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Chapter 10. Organic Modeling > Modeling Summary

Modeling Summary

Now that you’ve finished modeling the head, here’s a brief recap of the major points of this section:

  • SubPatch surfaces are great for modeling freeform organic surfaces such as heads. To get the best out of them, however, give some thought to the underlying structure of the control cage. An easily editable cage relies on the following:

    Get the grid-like structure of the control cage to flow with the natural contours of the model. Your model will be easier to read in Wireframe, and it makes shaping the surface predictable and straightforward.

    Get the right number of control polygons to achieve the appropriate curvature in various parts of the model. Too many and the surface will be hard to shape, too few and you won’t get the definition you need.

  • To tackle complex subjects such as heads, break them down first into smaller, more manageable parts.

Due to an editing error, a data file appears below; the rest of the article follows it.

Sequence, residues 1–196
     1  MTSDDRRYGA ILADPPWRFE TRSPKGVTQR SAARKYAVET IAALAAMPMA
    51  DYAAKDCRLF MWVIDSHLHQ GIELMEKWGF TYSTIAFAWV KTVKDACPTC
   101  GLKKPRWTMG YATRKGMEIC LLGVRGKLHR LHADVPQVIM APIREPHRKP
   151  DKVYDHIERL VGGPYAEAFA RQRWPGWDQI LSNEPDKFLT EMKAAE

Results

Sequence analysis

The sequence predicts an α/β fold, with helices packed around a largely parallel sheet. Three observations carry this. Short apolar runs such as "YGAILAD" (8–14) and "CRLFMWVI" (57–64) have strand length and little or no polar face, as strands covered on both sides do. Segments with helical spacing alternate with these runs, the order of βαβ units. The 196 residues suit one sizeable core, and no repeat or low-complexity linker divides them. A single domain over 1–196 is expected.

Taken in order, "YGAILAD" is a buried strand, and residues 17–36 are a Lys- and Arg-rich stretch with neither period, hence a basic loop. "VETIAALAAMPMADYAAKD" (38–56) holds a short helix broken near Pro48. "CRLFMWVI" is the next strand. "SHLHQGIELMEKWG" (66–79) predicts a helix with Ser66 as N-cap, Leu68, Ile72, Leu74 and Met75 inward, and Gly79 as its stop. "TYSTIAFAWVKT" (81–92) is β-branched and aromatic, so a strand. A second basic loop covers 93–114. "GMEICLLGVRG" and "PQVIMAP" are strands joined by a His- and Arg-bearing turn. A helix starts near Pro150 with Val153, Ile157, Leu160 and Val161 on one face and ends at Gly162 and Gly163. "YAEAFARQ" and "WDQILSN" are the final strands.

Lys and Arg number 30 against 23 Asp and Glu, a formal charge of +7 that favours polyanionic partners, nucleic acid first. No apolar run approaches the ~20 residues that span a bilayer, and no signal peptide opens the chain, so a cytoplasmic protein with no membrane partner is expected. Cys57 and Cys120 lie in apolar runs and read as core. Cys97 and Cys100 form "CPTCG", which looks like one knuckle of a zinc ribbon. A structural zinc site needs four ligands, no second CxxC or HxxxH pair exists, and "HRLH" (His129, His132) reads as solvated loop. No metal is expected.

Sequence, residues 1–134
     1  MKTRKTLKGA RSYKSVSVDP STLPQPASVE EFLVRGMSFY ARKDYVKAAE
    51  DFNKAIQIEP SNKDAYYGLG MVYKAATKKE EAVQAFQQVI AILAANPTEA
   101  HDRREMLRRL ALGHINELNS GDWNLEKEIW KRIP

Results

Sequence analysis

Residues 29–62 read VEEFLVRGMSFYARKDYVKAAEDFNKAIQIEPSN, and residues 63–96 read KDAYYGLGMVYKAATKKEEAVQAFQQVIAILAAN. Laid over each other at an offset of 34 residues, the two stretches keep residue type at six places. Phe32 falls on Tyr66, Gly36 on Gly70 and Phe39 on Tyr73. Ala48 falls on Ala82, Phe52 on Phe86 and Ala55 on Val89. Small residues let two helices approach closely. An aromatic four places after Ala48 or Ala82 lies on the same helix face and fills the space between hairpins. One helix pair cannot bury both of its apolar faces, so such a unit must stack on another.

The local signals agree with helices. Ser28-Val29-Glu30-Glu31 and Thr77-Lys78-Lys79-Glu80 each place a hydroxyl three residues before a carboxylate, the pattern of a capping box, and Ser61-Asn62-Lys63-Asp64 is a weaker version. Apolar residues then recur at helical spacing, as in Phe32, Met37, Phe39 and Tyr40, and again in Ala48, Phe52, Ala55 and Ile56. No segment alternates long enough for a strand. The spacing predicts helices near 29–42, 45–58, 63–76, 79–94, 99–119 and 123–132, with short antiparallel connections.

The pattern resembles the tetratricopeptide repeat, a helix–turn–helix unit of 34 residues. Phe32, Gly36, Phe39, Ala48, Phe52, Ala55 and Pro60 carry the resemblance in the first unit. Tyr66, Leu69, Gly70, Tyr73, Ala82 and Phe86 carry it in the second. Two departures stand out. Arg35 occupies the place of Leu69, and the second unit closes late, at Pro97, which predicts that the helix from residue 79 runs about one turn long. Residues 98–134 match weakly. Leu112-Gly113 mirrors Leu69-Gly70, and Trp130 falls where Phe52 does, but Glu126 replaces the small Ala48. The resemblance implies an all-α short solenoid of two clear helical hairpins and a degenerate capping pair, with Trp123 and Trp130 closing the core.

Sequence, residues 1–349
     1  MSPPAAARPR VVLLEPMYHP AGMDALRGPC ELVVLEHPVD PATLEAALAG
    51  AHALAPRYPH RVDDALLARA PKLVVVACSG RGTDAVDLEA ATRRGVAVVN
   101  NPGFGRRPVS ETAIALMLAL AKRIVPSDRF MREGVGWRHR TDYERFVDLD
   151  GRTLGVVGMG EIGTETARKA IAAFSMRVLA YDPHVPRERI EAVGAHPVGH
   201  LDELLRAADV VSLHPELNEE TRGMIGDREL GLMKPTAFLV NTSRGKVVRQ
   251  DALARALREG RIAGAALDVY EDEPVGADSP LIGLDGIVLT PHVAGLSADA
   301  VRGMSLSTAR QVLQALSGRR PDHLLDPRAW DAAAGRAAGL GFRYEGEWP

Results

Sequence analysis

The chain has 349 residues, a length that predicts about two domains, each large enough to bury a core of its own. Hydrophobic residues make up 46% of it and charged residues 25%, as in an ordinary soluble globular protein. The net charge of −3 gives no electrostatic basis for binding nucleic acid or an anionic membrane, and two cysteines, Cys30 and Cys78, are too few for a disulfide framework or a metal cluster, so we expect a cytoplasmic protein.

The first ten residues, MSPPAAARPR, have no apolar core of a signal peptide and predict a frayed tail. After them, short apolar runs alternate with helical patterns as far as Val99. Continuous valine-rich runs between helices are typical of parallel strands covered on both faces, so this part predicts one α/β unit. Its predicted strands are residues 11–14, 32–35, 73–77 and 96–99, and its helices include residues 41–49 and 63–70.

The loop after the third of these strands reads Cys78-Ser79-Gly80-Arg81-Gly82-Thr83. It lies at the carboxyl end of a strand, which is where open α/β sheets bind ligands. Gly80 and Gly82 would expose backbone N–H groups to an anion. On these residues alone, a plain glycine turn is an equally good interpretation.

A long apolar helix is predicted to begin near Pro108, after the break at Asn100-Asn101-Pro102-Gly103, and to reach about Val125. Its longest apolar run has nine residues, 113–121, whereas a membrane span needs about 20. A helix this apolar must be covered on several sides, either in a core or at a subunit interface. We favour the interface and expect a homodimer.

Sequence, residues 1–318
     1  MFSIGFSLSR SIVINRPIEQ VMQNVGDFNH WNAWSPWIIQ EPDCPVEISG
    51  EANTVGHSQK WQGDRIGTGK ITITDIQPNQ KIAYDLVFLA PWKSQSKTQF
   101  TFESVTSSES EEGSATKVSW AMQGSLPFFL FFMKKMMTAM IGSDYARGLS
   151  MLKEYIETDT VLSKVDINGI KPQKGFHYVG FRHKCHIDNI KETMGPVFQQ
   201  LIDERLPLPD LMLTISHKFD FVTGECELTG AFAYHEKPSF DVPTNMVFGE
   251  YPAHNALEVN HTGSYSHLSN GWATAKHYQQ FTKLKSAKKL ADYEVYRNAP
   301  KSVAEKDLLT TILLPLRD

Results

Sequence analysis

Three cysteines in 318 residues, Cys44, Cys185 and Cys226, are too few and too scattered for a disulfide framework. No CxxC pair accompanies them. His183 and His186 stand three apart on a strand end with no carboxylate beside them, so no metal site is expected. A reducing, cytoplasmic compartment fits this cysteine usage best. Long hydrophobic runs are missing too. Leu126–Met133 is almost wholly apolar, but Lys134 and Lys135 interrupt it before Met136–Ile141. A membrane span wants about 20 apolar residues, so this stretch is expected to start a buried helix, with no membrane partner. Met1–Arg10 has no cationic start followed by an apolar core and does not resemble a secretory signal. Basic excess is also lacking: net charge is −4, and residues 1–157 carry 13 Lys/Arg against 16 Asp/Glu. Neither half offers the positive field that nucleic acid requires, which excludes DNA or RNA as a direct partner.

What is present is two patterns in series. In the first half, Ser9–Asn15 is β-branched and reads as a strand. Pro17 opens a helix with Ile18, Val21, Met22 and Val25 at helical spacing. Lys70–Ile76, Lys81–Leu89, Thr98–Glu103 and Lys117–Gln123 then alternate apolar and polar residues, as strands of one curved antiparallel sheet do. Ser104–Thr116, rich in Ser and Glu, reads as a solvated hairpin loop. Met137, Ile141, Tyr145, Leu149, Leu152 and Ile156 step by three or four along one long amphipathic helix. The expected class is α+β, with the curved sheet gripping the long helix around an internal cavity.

• Prioritize which parts are the most important in the model and start with them. On a face, these are the mouth and eye areas.

  • Use background templates or images so that you don’t lose track of the bigger picture. This helps keep the head’s proper proportions.

  • Model each part independently, concentrating on achieving the optimum polygon structure.

  • Quickly lay down the control cage geometry—a row of points. Spend the time on actually sculpting the SubPatch surfaces into shape. Select individual bands of points or polygons at a time to work on if you’re having trouble.

  • “Grow” new geometry out of the existing mesh—using the Extender tool or any other means—when you can. This helps keep your polygon structure consistent (and it’s generally quicker).

  • Where the separate areas eventually meet, try to find elegant ways of joining them together by doing the following:

    Use five- (and three-) patch intersections of quad polygons rather than triangles.

    Plan ahead and try to get areas that will join up to have a similar number of polygons at the border edges.

    Have the seams occur in the natural creases of the model.

    If the final parts of the model are tricky to join, hide any untidy seams in places where they won’t matter.



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